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Mason researchers lead a team that discovers three galaxies set to collide

September 30, 2019   /   by John Hollis

Mason researchers discovered the pending collision of three galaxies. Photo courtesy of NASA.

A team of George Mason University researchers has discovered a rare trio of three supermassive black holes in a system of three merging galaxies a billion light-years away. 

Mason PhD student Ryan Pfeifle and his thesis advisor, professor Shobita Satyapal, co-authored a study that reveals the location of three gigantic black holes set on a collision course—each galaxy has a black hole at its center. Confirmed cases of three galaxies colliding are extremely rare. The team’s study, which can be found in the latest edition of Astrophysical Journal, has drawn worldwide interest because it offers new ways to discover these mergers. The research was cited in the New York Times and on CNN.

“What we have here in this paper is really one of the most compelling cases for one of these types of systems,” said Pfeifle, a second-year PhD student who completed his BS in physics at Mason in 2017. “We think mergers are incredibly important sites where black holes can grow. It’s likely the black holes grow the most during these events because there’s so much gas and dust driven into the centers of the galaxies during these events.” 

The researchers were originally looking for pairs of black holes in merging galaxies when they discovered that one of the systems had evidence of three monstrous feeding black holes.” 

The advanced stages of black hole mergers are predicted to be the sites where lots of gas and dust are driven to the galaxy centers, where they can feed the central black holes, Pfeifle said. 

Using high-powered ground and space telescopes to take a closer peek at the frenetic activity taking place roughly one billion light-years from Earth, the team of scientists soon realized they had stumbled upon a rare finding with three galaxies nearing a collision.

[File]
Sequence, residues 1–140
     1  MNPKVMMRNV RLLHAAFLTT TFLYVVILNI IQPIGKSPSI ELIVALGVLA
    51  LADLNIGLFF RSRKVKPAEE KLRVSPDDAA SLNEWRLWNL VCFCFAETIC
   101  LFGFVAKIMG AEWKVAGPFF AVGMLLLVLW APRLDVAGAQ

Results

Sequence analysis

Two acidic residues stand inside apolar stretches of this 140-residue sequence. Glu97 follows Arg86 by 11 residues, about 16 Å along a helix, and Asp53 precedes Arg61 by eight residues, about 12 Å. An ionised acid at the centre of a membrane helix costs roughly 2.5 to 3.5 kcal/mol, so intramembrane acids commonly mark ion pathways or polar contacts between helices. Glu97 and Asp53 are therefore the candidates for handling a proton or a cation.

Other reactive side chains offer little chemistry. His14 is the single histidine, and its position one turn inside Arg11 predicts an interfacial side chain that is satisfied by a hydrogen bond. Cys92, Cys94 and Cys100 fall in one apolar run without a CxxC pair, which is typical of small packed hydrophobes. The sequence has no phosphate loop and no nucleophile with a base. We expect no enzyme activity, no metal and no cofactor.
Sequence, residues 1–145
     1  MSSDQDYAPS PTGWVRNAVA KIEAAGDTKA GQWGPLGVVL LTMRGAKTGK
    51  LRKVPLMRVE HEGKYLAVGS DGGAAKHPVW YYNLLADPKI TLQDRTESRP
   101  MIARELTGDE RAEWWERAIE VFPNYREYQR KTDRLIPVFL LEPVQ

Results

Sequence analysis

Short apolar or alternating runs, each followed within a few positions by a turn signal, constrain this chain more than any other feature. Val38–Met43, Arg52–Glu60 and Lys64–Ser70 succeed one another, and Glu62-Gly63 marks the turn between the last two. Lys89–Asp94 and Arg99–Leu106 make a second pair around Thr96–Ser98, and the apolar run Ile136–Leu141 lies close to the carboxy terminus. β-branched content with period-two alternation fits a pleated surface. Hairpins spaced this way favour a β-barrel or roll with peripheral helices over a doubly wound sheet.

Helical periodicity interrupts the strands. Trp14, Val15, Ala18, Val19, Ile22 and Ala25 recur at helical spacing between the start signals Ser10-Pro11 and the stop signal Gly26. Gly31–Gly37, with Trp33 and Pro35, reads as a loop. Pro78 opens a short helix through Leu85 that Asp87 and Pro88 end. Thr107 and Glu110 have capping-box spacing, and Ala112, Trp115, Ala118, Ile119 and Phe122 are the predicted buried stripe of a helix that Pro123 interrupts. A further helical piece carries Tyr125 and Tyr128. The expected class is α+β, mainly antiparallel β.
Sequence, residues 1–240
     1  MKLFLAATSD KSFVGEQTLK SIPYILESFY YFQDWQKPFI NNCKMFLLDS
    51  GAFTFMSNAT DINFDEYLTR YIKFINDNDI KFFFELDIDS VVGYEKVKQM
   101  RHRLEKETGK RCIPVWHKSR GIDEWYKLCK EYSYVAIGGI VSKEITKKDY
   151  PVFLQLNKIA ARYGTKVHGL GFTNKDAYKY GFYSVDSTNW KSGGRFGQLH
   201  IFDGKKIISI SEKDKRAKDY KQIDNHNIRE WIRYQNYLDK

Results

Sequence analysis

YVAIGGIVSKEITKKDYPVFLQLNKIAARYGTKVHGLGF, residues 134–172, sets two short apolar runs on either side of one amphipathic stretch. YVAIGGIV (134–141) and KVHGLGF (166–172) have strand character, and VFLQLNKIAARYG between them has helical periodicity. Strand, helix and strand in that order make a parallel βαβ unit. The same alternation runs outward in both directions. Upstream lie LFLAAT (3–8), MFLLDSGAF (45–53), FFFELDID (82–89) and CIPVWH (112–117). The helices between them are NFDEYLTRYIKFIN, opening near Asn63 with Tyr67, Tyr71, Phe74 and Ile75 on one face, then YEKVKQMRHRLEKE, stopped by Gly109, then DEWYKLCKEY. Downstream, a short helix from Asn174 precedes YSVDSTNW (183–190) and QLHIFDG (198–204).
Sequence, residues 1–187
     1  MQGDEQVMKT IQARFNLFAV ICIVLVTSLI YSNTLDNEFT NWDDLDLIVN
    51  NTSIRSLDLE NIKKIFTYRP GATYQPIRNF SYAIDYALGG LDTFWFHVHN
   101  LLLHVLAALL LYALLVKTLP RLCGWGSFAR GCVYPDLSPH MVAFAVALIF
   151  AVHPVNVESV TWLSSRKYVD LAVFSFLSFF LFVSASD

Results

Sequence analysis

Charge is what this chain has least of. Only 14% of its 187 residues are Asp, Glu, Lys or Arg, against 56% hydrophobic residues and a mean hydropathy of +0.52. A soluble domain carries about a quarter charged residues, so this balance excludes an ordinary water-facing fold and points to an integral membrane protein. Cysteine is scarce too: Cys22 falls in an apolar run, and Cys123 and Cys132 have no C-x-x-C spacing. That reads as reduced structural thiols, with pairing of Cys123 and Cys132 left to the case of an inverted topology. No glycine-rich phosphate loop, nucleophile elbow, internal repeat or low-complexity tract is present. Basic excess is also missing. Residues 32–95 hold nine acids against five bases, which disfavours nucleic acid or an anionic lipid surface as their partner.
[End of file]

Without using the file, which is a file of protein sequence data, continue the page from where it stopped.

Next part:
“Dual and triple feeding black holes are very rare,” said Satyapal, a professor in the Department of Physics and Astronomy within Mason’s College of Science and leader of the black hole galaxy research group at Mason. “But such systems are actually a consequence of galaxy mergers, which we think is how galaxies grow and evolve.” 

Ryan Pfeifle

Gas and dust emanating from supermassive black holes typically make it difficult to see light coming from supermassive black holes, but the researchers got around that hurdle by using infrared and X-ray images. 

NASA’s Chandra X-ray Observatory detected strong sources of X-ray light near each of the merging galaxy centers, indicating that lots of gas and dust were being consumed there by a feeding black hole. Observations from the Large Binocular Telescope, or LBT, in Arizona led by Barry Rothberg, were critical in confirming these active black holes. 

NASA's Nuclear Spectroscopic Telescope Array spacecraft, or NuSTAR, also spotted evidence of gas and dust circling one of the supermassive black holes.  

“Through the use of these major observatories, we have identified a new way of identifying triple supermassive black holes,” Pfeifle said. “Each telescope gives us a different clue about what's going on in these systems. We hope to extend our work to find more triples using the same technique.” 

These galaxy mergers can potentially lead to the black holes eventually merging, giving rise to the loudest gravitational wave signals in the universe, Satyapal said, offering additional clues about the history of the universe, gravity and properties of black holes.